At the outbreak of war in 1775, Pinckney became a captain in the First South Carolina Continental regiment and was later promoted to major. Read the Entry »

“Communal stew” is the name the southern cooking authority Stan Woodward gives stews made in big batches and cooked over open fires in large cast-iron pots also used for washing clothes. Read the Entry »

Historically, the most abundant species in the coastal plain region was the longleaf pine (Pinus palustris). Read the Entry »

The young Pinkney mixed his love of music with baseball, earning a pitching position with the New York Blue Sox in the Negro Baseball League. Read the Entry »

Piracy flourished on the South Carolina coast chiefly in two periods: the early proprietary years (1670–1700) and at the end of the “Golden Age of Piracy” (1716–1720). Read the Entry »

Pisé de terre, or “rammed earth,” is an ancient form of building construction. Read the Entry »

Plank roads enjoyed a brief popularity in the early 1850s, touted as an inexpensive and effective means of improving short-distance travel. Read the Entry »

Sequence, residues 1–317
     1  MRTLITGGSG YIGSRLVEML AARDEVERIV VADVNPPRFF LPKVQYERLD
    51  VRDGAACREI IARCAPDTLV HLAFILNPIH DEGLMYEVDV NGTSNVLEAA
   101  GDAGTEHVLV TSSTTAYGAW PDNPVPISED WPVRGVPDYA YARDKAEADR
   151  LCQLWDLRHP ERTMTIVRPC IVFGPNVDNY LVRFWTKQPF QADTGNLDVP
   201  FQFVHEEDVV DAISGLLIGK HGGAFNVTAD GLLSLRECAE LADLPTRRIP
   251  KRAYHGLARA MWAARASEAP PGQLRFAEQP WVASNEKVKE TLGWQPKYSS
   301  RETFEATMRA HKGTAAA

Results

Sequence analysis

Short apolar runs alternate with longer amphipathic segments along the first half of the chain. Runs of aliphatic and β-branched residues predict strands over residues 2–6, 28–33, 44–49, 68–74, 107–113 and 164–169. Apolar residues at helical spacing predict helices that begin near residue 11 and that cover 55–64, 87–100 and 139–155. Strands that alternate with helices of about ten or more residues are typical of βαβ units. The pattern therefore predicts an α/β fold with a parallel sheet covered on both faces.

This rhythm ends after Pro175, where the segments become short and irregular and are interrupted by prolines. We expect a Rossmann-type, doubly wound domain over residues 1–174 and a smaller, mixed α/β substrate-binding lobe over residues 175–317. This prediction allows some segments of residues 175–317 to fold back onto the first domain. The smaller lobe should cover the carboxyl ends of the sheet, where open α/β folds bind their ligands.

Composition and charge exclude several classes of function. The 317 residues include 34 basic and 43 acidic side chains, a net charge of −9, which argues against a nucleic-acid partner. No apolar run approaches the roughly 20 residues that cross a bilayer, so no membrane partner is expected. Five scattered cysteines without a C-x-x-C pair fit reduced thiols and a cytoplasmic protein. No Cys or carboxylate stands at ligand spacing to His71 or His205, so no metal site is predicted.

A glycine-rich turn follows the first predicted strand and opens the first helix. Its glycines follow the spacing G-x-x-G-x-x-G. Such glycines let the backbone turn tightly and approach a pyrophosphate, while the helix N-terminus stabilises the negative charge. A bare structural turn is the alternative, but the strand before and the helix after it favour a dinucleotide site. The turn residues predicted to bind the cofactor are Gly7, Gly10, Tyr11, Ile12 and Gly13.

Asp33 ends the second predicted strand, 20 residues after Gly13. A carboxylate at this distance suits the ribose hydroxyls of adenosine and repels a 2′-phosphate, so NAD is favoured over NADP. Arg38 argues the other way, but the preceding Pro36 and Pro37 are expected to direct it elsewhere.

Plantations distinguished themselves from smaller farms not only by the sheer size of their landholdings and workforce but in other ways as well. Read the Entry »

South Carolina may conveniently be divided into four major physiographic provinces, and these are more or less consistent with characteristic vegetation types. Read the Entry »

In the fall of 1862, the Union commander of the Department of the South, General Ormsby McKnight Mitchel, planned an operation to break the railroad connections between Charleston and Savannah at the headwaters of the Broad River near the towns of Pocotaligo and Coosawhatchie. Read the Entry »